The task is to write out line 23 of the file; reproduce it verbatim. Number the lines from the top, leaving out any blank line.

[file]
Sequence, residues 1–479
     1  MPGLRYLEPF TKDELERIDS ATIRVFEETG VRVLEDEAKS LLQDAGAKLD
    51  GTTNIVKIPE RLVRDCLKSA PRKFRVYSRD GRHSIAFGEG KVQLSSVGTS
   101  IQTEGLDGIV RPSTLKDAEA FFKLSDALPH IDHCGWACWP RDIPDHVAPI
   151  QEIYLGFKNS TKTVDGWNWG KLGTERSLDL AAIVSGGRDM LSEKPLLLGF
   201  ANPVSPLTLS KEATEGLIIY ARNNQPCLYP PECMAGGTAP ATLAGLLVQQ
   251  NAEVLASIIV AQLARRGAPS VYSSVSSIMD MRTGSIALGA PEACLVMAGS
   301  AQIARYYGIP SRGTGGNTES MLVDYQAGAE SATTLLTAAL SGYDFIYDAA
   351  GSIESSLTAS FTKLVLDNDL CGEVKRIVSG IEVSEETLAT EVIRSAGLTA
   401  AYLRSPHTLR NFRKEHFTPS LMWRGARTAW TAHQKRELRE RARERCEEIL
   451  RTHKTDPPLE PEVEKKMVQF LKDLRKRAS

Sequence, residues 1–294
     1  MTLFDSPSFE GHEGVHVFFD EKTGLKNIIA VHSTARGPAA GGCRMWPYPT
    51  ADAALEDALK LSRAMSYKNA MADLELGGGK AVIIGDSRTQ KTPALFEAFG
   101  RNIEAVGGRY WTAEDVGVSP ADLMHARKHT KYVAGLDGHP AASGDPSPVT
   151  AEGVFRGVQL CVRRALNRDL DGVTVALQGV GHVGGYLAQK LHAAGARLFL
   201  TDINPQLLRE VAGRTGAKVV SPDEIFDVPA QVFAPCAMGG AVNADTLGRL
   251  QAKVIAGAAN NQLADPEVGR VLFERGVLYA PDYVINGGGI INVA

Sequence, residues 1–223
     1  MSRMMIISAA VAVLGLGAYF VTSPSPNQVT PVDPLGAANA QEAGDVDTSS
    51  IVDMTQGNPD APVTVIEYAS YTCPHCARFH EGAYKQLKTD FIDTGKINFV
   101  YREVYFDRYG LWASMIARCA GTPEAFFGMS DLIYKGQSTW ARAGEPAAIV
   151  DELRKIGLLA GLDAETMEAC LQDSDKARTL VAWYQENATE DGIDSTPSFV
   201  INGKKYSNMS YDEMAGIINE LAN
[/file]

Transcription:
   151  DELRKIGLLA GLDAETMEAC LQDSDKARTL VAWYQENATE DGIDSTPSFV